Scientists, with the help of researchers from the University of Michigan Medical School in Ann Arbor, have succeeded in growing the first three-dimensional mini lungs to study how real lungs function and react to ailments and new drugs.
“These mini lungs can mimic the responses of real tissues and will be a good model to study how organs form, change with disease, and how they might respond to new drugs,” says senior study author Jason Spence, assistant professor of internal medicine and cell and developmental biology at the University of Michigan Medical School.
Scientists coaxed stem cells into structures that resemble large airways known as bronchi and small lung sacs called alveoli. While the structures lack some important components of a human lung, such as blood vessels, the lungs can be used for research purposes.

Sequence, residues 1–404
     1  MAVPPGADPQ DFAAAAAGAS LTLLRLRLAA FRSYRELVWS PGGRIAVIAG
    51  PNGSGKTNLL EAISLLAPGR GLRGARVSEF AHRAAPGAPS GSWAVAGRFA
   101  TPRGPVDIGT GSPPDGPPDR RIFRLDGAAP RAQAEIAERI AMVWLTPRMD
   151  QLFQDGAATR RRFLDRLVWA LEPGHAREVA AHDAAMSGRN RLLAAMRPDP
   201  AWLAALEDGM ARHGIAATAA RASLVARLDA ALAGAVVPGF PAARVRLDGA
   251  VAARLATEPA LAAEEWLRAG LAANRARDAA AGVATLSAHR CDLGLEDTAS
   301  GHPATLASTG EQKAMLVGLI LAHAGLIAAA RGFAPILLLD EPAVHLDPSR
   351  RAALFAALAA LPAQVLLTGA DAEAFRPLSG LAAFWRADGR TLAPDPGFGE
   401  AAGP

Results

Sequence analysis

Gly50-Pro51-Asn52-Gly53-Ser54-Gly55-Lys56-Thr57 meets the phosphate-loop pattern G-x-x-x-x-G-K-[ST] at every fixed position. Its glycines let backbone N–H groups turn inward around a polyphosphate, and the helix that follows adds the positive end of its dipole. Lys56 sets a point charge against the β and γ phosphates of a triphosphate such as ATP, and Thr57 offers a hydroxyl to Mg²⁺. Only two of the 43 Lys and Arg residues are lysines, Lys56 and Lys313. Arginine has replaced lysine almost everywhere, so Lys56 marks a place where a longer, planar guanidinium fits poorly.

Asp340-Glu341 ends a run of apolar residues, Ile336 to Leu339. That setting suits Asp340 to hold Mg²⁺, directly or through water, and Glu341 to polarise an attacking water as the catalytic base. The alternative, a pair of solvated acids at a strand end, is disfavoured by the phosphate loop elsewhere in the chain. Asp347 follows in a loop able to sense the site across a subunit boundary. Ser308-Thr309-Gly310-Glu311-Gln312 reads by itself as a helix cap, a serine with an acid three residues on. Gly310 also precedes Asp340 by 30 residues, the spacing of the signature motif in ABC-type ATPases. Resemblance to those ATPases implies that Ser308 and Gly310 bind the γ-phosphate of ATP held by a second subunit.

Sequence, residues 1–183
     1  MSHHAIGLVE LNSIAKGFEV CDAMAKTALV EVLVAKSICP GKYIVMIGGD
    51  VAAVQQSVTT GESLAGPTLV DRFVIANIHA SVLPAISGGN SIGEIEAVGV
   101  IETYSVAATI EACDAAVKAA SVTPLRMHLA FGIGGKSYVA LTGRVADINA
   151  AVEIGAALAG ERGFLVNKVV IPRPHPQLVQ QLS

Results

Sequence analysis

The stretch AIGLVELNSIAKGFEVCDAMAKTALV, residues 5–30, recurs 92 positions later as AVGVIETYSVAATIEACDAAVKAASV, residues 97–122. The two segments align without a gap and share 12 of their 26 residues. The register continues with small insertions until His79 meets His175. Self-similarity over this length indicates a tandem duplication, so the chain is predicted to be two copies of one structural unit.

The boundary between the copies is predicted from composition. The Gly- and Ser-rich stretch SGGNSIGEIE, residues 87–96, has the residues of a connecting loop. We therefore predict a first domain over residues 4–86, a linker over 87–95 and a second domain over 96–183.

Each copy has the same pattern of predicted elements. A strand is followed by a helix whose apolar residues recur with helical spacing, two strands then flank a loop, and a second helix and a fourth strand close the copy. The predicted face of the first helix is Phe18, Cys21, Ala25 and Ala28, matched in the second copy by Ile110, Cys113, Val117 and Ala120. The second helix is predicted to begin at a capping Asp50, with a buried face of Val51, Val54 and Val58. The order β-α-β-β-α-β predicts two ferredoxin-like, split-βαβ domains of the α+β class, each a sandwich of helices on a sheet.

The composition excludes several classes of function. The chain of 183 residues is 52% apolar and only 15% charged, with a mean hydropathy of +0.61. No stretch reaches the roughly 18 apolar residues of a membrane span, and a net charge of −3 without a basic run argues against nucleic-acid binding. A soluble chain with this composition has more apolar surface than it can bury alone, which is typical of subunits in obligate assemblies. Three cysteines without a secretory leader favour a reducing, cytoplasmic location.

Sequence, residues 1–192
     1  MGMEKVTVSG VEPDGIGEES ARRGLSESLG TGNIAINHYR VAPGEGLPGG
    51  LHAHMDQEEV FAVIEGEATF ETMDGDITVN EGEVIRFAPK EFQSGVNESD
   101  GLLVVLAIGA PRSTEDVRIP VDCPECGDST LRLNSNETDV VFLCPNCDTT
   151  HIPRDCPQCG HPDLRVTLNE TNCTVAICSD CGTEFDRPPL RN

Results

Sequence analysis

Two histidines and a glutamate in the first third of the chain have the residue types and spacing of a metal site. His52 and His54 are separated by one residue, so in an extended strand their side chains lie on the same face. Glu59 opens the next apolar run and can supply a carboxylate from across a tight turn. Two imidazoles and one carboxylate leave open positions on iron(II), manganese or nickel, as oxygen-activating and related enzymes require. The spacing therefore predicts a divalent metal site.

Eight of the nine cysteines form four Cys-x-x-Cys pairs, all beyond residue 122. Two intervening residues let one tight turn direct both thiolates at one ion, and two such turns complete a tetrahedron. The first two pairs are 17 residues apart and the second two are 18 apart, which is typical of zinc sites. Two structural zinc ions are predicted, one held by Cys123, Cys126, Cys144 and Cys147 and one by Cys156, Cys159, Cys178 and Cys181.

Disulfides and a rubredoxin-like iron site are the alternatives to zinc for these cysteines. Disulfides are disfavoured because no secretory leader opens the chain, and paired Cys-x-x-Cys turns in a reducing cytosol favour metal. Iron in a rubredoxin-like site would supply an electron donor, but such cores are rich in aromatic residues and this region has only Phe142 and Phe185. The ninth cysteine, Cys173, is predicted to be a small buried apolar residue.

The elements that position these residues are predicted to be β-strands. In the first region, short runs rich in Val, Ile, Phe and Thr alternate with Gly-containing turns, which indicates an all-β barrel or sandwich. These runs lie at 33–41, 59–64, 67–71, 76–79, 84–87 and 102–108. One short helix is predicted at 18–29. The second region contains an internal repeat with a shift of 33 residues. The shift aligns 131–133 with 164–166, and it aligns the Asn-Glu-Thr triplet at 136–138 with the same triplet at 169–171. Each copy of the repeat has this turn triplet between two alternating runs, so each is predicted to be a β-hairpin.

To make the lungs, researchers from the University of Michigan’s Spence Lab, along with researchers from the University of California, San Francisco; Cincinnati Children’s Hospital Medical Center; Seattle Children’s Hospital; and the University of Washington, Seattle, manipulated signaling pathways to instruct stem cells to form a tissue called endoderm. Endoderm is found in early embryos and eventually forms into many internal organs. The cells were then exposed to proteins involved in lung development.
Researchers will now be able to use the lungs as a complement to animal research, and as a starting point for clinical innovations.